5 Ways to Tame the Pain
Consider these complements to a conventional medical approach:
- Diversion techniques, such as visualization and guided imagery training shift your attention away from the pain. Even music and aromatherapy have been shown to reduce pain sensitivity through distraction.
- Biofeedback, relaxation, controlled breathing, meditation, and self-hypnosis teach you to respond to pain with mental relaxation. They help you learn to ease your muscles rather than tense them, which increases pain.
- Cognitive restructuring helps curb negative thinking such as “This will never get better; nothing works!” – in favor of more realistic thoughts – “Yes, I had a pain flare. I’ve had them before and they don’t last forever.”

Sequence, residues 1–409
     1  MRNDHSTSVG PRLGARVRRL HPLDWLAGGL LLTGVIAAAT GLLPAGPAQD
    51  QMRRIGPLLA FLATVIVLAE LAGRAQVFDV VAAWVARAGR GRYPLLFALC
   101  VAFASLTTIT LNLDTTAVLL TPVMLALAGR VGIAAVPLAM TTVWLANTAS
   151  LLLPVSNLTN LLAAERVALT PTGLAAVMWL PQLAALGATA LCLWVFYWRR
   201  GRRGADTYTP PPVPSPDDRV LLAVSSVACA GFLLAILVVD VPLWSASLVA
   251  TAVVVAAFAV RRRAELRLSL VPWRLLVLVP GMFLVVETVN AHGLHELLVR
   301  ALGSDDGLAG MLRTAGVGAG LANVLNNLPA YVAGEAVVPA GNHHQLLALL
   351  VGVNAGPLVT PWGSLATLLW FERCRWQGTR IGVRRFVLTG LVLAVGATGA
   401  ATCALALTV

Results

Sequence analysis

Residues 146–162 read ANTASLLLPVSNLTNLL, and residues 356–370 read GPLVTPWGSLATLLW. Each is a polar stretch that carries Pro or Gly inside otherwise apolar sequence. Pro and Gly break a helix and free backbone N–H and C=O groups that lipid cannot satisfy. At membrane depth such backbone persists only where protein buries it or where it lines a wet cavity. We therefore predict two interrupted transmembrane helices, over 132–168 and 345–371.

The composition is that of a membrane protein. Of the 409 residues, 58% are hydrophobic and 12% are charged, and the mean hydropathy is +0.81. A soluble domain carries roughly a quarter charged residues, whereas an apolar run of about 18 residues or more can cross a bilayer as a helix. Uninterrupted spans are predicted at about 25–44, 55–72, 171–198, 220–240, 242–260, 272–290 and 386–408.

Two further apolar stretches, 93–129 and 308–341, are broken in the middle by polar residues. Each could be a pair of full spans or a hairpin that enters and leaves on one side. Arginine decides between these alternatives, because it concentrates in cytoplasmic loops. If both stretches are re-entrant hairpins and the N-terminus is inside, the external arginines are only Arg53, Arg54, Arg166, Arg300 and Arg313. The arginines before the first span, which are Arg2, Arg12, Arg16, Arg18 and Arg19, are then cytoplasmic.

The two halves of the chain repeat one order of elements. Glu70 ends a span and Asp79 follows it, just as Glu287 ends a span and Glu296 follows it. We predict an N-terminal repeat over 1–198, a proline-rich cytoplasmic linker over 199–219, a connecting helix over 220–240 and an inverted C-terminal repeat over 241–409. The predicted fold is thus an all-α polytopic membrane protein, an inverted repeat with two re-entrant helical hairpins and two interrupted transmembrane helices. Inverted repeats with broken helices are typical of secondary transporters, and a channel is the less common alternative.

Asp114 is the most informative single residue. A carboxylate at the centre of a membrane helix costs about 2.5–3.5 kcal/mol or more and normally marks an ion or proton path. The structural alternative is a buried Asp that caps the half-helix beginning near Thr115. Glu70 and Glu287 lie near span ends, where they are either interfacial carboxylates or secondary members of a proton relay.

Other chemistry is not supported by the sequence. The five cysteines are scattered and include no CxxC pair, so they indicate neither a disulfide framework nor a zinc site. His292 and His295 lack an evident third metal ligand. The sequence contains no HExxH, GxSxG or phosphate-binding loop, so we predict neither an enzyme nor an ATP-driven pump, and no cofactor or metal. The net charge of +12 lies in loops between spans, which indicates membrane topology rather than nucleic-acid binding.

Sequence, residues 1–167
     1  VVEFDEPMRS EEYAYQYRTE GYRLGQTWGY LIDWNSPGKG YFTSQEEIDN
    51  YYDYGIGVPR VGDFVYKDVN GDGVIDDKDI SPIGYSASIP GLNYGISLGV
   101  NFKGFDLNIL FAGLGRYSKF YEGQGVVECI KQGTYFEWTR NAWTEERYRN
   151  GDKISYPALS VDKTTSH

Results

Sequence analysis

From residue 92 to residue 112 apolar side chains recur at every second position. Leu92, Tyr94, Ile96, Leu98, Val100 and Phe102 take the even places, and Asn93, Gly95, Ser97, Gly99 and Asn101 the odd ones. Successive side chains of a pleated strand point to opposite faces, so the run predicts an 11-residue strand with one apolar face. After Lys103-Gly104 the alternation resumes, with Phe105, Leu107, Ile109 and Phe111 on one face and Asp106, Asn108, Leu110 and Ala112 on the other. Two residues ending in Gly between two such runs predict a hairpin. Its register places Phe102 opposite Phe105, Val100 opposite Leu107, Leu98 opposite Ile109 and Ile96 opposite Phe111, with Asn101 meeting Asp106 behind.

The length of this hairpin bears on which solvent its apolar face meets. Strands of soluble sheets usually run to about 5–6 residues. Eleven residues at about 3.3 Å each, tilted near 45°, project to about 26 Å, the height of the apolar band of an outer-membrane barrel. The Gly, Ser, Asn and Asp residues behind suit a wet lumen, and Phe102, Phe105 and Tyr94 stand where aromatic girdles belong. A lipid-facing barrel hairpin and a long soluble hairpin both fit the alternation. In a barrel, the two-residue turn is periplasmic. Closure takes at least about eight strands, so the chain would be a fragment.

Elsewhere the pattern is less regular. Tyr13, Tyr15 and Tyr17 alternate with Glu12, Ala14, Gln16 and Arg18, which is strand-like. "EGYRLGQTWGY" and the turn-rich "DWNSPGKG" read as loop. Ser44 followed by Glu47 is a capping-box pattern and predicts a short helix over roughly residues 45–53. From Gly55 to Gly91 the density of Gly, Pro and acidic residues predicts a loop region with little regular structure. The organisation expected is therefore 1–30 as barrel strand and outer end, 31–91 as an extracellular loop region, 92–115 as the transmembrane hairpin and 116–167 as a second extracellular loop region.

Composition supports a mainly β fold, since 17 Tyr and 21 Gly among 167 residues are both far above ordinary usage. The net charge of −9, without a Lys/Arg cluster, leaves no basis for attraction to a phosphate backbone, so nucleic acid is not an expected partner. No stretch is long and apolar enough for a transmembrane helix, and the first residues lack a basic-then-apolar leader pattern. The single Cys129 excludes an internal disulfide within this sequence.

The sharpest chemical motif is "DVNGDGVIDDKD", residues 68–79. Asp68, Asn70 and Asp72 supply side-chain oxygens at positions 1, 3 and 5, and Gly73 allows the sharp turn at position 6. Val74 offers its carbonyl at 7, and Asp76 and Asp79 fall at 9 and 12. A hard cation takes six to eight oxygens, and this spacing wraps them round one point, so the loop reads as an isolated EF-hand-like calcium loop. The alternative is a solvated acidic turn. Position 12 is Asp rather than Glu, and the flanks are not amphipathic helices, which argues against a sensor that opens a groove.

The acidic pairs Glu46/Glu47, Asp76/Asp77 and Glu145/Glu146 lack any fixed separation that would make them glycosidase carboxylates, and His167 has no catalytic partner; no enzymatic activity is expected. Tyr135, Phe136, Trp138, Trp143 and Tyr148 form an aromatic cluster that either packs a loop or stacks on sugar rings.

- Activity pacing helps you gradually increase your tolerance for activities by understanding your limits, alternating moderate periods of activity with rest, and stopping before the pain becomes severe. This halts a devastating cycle: Fear of pain leads to avoiding activities and a gradual loss of function, which then leads to more pain and disability.
- Operant conditioning is based on the observation that pain behaviors – grimacing, moaning, limping, withdrawing from activities – can become habitual because of the responses they elicit from your spouse or doctors. Along with teaching you coping skills, operant conditioning trains your partner or family members to reinforce efforts you make toward coping and self-management, rather than reward negative behaviors.
Pain Organizations for Patients
Pain Organizations for Professionals